The Last Best Hope features some very impressive character work, and I feel that McCormack did an excellent job capturing the personalities and histories of several key characters from the new show. I really appreciated her portrayal of Picard, and this book featured several key aspects of his character, such as his dark moods, his determination and his ability to inspire absolute loyalty in his subordinates. I liked how the reader gets to see how Picard deals with the seemingly impossible task assigned to him, especially as his emotions throughout the book range from hope to absolute despair, as multiple obstacles and problems seem to dog everything he does. One of the major parts of his character explored in this book is the way that Picard’s ideals and beliefs seem a little out of touch with the world he lives in. This is something that is shown throughout the Picard television show, as the old-school captain is now living in a much darker and more desperate world. I am really glad that McCormack tried to capture this in her novel, and it was really compelling to see Picard being completely oblivious about the darker realities of the galaxy. All of this is really compelling to see, and I think that it serves as a good basis for some of the ways Picard acts in the current show.

Aside from Picard, a number of other characters are featured throughout the book, many of whom have some really interesting and compelling stories. I personally found the tale of Raffi, Picard’s new first officer, to be particularly good, as the reader gets to see how she became so messed up and obsessed with proving that the Romulans where behind the destruction of Mars. You also get a better understanding of why she was so mad that Picard quit on her and the mission, especially after she sacrifices everything for him, thanks to the way he inspired her. McCormack also spends significant time exploring the character of Bruce Maddox, and it was especially intriguing to see this character between his appearances in The Next Generation and Picard. You also got to see the origins of his relationship with Agnes Jurati (indeed, based on release dates you learn about this relationship in this book before it is mentioned in the show), and it was great to see how it unfolded and how close the two of them were. Of course, this also has a more sinister and heartbreaking edge to it if you look back at this relationship after the events of the fifth episode of Picard. I also liked the Geordi La Forge storyline; it was interesting to see his struggle to increase Starfleet ship production. However, the best part of this portrayal occurs at the end of the book, and I will be curious to see how they show off his survivor’s guilt if the character ever appears in Picard.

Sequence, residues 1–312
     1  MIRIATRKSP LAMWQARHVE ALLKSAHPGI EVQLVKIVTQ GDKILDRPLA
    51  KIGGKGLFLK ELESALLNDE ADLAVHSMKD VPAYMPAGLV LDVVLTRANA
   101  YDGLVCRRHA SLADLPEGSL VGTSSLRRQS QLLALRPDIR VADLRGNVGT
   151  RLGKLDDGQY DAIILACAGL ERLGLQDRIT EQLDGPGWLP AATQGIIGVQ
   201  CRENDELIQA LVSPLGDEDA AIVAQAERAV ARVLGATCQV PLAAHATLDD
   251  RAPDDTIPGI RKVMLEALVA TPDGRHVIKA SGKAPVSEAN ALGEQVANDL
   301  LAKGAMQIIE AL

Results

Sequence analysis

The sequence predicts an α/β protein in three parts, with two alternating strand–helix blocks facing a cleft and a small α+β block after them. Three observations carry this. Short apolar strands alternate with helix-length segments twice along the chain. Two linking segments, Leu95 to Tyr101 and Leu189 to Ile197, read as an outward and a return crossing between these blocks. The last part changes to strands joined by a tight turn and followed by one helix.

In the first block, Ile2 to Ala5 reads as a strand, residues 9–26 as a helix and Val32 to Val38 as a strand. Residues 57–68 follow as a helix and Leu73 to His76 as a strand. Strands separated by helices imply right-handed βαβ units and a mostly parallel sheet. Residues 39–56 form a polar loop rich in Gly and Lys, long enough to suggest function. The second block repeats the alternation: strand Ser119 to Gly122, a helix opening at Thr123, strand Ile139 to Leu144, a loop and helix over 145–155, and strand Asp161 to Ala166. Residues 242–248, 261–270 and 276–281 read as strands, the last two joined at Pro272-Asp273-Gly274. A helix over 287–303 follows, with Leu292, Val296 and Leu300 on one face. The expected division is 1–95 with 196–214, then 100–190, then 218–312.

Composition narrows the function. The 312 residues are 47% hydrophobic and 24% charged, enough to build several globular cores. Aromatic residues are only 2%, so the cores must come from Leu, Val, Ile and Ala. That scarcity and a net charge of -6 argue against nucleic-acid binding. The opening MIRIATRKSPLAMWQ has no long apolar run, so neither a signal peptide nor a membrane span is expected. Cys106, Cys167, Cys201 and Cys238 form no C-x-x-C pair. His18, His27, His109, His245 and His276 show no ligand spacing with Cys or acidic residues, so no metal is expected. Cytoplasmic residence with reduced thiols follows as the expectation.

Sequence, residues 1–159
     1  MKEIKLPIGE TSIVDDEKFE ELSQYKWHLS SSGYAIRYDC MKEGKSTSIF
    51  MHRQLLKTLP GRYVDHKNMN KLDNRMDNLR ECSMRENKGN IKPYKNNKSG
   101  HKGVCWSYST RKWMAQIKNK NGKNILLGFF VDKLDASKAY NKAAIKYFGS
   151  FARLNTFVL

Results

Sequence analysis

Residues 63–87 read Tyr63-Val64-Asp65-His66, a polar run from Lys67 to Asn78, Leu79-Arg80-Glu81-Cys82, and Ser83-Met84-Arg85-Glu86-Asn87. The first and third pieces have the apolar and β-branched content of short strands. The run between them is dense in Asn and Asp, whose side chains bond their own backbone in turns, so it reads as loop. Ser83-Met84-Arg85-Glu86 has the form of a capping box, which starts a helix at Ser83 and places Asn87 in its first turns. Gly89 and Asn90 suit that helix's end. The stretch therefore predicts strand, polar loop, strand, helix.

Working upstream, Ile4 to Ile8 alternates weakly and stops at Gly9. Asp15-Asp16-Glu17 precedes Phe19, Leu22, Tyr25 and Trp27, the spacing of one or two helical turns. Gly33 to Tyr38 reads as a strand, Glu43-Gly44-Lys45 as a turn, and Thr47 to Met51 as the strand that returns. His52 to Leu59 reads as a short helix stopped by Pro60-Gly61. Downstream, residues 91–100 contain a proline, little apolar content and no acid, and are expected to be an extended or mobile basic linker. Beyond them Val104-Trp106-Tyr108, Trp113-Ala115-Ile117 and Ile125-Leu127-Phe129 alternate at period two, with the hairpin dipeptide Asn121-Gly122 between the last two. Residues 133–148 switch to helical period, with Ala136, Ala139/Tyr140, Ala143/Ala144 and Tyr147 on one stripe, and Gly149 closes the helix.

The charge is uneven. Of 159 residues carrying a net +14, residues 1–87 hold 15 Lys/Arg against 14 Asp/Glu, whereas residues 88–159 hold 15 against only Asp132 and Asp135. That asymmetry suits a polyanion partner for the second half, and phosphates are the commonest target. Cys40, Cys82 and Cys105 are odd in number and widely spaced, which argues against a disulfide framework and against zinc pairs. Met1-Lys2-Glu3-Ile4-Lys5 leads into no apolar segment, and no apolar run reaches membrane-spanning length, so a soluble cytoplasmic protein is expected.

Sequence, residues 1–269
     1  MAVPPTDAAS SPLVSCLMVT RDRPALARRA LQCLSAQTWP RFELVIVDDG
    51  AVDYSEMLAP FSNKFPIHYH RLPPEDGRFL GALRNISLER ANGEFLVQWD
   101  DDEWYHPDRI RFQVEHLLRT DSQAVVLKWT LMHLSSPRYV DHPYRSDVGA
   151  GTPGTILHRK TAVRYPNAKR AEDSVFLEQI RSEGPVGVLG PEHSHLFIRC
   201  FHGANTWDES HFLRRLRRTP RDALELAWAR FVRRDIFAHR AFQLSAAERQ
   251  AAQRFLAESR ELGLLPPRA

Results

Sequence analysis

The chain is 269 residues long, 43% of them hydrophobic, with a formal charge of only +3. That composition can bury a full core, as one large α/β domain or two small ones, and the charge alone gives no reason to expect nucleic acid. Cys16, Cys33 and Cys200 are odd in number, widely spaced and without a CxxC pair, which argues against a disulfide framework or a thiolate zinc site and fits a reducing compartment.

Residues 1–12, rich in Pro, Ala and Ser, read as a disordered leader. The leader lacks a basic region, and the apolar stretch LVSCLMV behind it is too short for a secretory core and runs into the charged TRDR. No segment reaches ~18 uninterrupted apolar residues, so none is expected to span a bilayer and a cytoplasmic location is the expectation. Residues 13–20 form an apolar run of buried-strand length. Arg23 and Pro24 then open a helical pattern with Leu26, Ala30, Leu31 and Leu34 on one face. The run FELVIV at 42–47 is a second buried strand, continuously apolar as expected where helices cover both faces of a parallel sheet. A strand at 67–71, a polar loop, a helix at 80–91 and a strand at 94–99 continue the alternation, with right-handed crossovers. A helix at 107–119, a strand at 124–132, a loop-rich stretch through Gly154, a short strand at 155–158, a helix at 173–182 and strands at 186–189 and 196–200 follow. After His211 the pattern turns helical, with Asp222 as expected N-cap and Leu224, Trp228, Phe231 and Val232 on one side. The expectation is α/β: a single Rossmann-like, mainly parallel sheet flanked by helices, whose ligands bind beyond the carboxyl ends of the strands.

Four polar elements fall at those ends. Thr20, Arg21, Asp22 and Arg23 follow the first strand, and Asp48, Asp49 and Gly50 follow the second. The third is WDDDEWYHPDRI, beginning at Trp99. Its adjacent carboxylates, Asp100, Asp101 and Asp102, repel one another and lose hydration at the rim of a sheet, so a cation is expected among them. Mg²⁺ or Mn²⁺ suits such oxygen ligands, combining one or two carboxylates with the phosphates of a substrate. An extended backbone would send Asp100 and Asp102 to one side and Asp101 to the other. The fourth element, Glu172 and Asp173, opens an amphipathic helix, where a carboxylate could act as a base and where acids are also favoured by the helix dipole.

One of the things that I really enjoyed about this book was the way McCormack slowly starts to alter the tone of the novel to represent the change between the lighter The Next Generation and the darker Picard shows. At the start of the book, the story is more in line with the tone of The Next Generation, with Picard embarking on a humanitarian mission with his idealism and belief in the greater good intact. However, as the mission progresses, things start to get darker, as the various obstacles to the Romulan relief mission become more apparent. The dark and callous manipulation of the Romulan leaders and Tal Shiar as well as the xenophobic politics of certain Federation politicians becomes more and more apparent, resulting in a darker tone. McCormack also attempts to replicate the more adult tone of the current show with a greater reliance on swearing (never have I seen so many F-bombs dropped in a Star Trek novel, oh the humanity!) and hints of mass murder, genocide and extinction-level events. All of this makes for a slightly different Star Trek tie-in novel experience, and I personally enjoyed some of the subtle changes McCormack made to the tone.